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TitleTechnology Matters: Questions to Live With
LanguageEnglish
File Size2.4 MB
Total Pages299
Table of Contents
                            Contents
Preface
Acknowledgements
1 Can We Define “Technology”?
2 Does Technology Control Us?
3 Is Technology Predictable?
4 How Do Historians Understand Technology?
5 Cultural Uniformity, or Diversity?
6 Sustainable Abundance, or Ecological Crisis?
7 Work: More, or Less? Better, or Worse?
8 Should “the Market” Select Technologies?
9 More Security, or Escalating Dangers?
10 Expanding Consciousness, or Encapsulation?
11 Not Just One Future
Notes
Bibliography
Index
                        
Document Text Contents
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Technology Matters

Page 149

any technology per se. Rather, it emerges in the context of a soci-

ety where unions are weak and minimum wages are one-third or

more lower that in Britain, France, Germany, Holland, and other

advanced Western economies.58 Technologies are embedded in

cultural systems, and wages are part of these systems. Wal-Mart

not only expresses the general Western preference for efficiency in

production over other values; it also expresses an American pref-

erence to pass on savings in efficiency to consumers and stock-

holders but not to workers. In making this choice, Wal-Mart also

forces suppliers to adopt and embody the same values. When it

demands lower wholesale prices in exchange for huge orders, sup-

pliers must either press their workers to be more productive or pay

them less. Wal-Mart embodies not only the economies of scale

possible in mass distribution, but also American resistance to high

minimum wages, unionized labor, and the welfare state. Thus, in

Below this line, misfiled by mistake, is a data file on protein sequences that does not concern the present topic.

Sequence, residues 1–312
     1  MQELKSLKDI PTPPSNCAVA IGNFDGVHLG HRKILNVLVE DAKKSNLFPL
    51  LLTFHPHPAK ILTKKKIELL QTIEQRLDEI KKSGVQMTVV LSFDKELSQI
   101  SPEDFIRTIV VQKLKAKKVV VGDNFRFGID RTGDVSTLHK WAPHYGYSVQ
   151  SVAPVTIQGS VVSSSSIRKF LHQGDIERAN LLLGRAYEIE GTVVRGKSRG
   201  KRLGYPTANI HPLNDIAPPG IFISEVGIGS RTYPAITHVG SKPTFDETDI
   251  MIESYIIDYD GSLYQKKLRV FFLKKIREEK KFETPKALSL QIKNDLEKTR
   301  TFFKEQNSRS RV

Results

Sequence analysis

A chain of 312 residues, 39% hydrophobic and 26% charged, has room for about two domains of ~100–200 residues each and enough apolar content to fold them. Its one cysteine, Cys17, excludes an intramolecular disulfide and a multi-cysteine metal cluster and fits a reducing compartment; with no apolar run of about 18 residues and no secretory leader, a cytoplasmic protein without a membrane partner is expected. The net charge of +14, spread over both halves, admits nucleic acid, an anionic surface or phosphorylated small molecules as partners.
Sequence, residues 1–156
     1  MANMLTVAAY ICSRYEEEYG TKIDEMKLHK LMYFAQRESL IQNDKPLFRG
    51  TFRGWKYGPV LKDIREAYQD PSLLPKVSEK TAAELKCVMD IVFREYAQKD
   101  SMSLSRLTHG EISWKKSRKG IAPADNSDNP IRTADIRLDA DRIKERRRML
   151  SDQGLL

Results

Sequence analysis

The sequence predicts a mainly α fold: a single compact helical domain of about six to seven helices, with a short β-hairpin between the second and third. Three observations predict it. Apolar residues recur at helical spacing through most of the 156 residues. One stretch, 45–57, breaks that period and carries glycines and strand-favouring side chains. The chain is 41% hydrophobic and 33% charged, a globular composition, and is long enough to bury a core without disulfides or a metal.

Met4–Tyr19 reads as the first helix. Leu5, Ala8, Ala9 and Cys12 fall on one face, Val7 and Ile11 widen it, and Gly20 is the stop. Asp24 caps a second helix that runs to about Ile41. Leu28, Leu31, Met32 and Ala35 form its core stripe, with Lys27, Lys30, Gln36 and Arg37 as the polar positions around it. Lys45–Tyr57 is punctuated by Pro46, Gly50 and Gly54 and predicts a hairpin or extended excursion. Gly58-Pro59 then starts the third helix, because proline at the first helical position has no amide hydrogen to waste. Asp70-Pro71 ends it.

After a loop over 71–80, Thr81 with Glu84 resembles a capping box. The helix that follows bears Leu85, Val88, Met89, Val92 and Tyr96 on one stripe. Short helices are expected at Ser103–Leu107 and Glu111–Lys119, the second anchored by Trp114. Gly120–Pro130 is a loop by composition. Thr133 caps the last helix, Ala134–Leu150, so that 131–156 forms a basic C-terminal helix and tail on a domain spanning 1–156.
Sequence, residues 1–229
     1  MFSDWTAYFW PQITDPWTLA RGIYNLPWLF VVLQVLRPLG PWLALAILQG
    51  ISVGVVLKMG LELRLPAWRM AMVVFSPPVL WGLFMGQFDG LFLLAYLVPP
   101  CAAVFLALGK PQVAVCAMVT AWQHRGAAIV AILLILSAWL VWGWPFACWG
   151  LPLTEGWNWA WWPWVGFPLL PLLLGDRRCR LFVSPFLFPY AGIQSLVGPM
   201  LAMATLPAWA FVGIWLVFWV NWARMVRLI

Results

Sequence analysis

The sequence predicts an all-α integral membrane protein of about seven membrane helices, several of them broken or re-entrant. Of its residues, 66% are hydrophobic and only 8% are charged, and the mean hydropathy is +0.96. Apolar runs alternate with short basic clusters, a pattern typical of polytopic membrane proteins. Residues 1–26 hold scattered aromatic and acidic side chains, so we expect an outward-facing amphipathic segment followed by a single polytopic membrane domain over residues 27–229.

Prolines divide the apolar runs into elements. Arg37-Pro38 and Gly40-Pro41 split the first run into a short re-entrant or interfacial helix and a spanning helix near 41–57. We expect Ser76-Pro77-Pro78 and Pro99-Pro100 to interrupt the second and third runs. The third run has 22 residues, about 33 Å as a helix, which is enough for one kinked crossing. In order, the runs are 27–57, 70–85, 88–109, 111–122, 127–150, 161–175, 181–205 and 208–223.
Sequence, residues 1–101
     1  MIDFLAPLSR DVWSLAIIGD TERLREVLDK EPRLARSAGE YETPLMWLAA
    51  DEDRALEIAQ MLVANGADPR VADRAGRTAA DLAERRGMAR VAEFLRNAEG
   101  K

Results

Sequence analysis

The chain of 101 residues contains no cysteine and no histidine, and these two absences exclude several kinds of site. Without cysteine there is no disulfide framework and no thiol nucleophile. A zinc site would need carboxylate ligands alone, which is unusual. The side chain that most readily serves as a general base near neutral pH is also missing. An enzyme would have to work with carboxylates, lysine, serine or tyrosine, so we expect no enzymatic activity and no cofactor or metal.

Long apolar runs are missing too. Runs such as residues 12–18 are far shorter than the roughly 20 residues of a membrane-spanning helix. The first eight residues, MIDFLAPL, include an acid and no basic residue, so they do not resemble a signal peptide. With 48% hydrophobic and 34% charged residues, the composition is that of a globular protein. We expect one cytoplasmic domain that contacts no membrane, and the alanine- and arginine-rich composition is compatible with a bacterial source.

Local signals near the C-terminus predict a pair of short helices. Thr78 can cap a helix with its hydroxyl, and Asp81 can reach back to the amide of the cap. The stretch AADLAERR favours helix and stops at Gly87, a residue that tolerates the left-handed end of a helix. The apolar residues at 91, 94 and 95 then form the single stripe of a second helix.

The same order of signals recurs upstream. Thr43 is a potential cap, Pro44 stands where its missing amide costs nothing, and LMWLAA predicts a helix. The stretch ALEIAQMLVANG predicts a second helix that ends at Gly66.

the “new economy” many workers have longer hours because

their jobs feel insecure, because wages are lower, and because

employers have discovered that it is cheaper to pay overtime than

it is to hire, train, and provide pension and health benefits to new

employees.59

A second group, however, wants the longer work week because

it gives them more money for consumer goods. Early in the nine-

teenth century, the average person had a modest wardrobe, often

no more than one set of clothing for daily wear and a Sunday suit.

The Western consumer today has a closet stuffed with clothing,

some little used. The European or American also wants more space

to live in than ever before, including not only a larger house or

apartment, but ideally a summer home as well. In the 1920s, one

car was enough for each American family. By the 1960s, each adult

“needed” a car. Today, every person in the United States over 16

“needs” a car. Overall, it costs the average American family over

$7,000 a year to own, insure, and operate automobiles, more than

132 Chapter 7

Page 150

it spends on food.60 Demand for more goods of all kinds has risen

so fast that even when real wages increase, savings may fall. Dur-

ing the boom of the 1990s, the median American family had less

than $10,000 in assets.61 Middle-class Americans worked longer

hours in order to possess more things, not least new laptop com-

puters, mobile phones, automobiles, and other technologies that

embody high mobility, interactivity, and success. Most of these

purchases lose value each year and become worthless within 10

years. Continually replacing and upgrading them has become an

incentive for overtime.

And there is a third group, made up of what Richard Reich calls

“symbolic analysts”—people “who solve, identify, and broker

new problems.”62 In the borderless world economy, they are in

great demand. Their work is not routine but varied and interest-

ing, which explains why many of them are “workaholics.” They

put in longer hours not due to economic necessity and not (only)

because of an insatiable desire for more consumer goods. These

are usually well-educated professionals who love their jobs, and

even when away from the office never really leave it behind. Their